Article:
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Bronzevilles Own Shahari Moore Named Professor For Bill Cosby Writing Fellowship.

citizen | 5/10/2011, 8:25 a.m.
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Shahari G. Moore

by SheRico Jones

Shahari G. Moore, MFA, has been named visiting professor at the University of Southern California this semester where she is teaching African-American History and Culture for the Guy A. Hanks & Marvin Miller Screenwriting Fellowship, also known as the Cosby Writing Fellowship, according to a press release.

The Guy Hanks and Marvin Miller Writing program was established by Drs. Bill and Camille Cosby in 1993, at the USC School of Cinematic Arts. It was named in honor of Camille's father, Guy Alexander Hanks and Bill's producer, Marvin Miller. It is a fifteen week workshop that assists writers in completing a motion picture or a television show script. It also includes courses in African American history and culture. Up to 15 participants are selected for each session.

Moore is from Chicagos Bronzeville neighborhood where she started the initial campaign that led to the city of Chicago granting landmark status to the homes of former Bronzeville residents: Gwendolyn Brooks, Illinois Poet Laureate, famed playwright Lorraine Hansberry and author Richard Wright, who lived on the same block as Moore. She was granted the Echoes of Excellence award last year. Moore teaches African-American studies at Olive Harvey College on Chicagos South East side and is also a published author, screenwriter and film maker.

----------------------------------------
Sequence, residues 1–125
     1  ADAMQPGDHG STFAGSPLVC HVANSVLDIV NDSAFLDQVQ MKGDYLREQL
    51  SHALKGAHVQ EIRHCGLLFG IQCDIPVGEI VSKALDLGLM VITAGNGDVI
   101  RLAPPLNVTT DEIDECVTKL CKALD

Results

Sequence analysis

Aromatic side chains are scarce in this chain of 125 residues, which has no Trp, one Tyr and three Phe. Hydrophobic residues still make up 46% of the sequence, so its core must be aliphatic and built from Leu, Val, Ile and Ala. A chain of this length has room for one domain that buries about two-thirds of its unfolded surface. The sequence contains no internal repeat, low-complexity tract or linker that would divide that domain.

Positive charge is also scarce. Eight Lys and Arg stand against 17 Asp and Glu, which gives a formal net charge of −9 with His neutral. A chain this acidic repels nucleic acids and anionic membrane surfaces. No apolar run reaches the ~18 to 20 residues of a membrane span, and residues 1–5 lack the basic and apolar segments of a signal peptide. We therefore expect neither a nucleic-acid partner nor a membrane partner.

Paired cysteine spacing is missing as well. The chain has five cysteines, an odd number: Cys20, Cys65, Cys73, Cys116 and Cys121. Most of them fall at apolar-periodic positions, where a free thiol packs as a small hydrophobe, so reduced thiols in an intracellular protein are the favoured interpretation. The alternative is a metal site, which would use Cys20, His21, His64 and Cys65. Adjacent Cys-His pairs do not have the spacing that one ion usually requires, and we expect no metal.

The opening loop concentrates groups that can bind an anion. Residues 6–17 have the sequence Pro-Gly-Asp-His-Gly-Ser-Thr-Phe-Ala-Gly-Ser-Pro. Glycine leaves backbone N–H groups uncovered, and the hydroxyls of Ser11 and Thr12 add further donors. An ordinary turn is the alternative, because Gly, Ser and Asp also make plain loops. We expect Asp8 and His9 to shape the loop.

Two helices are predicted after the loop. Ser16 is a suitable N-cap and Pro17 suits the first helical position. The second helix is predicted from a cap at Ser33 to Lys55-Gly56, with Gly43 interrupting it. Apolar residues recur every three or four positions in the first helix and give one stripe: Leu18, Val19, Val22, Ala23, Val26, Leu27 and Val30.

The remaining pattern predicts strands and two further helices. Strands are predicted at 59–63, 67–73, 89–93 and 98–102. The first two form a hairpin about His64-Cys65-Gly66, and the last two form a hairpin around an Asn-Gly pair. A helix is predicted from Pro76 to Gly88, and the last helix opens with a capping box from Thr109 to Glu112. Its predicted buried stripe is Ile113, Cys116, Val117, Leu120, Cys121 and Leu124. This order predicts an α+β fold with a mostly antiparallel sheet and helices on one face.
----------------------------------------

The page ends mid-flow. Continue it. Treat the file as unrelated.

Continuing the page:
The Bill Cosby Fellowship program is open to participants who are not already enrolled in communications courses at a college or university. Applicants cannot have previously worked in professional television or film and must be at least 18 years of age. According to the official website, this program is not designed for novice writers. They are looking for intermediate and advanced level writers who have taken formal classes on writing television and or feature scripts.

As writers of color, our responsibility is to educate while entertaining our audiences of the many facets of our culture, our history and our personalities. Cosby Fellowship Executive Director Doreene Hamilton-Hudson stated in a press release. Prof. Moores extensive background in history and culture helps give our writers a rich foundation of who we are and how our images have been depicted over the years and what their responsibilities are as writers of color to change or enhance how we are portrayed on the screen.

For more information or to apply for the Cosby Writing Fellowship, visit the website at www.cosbyprogram.com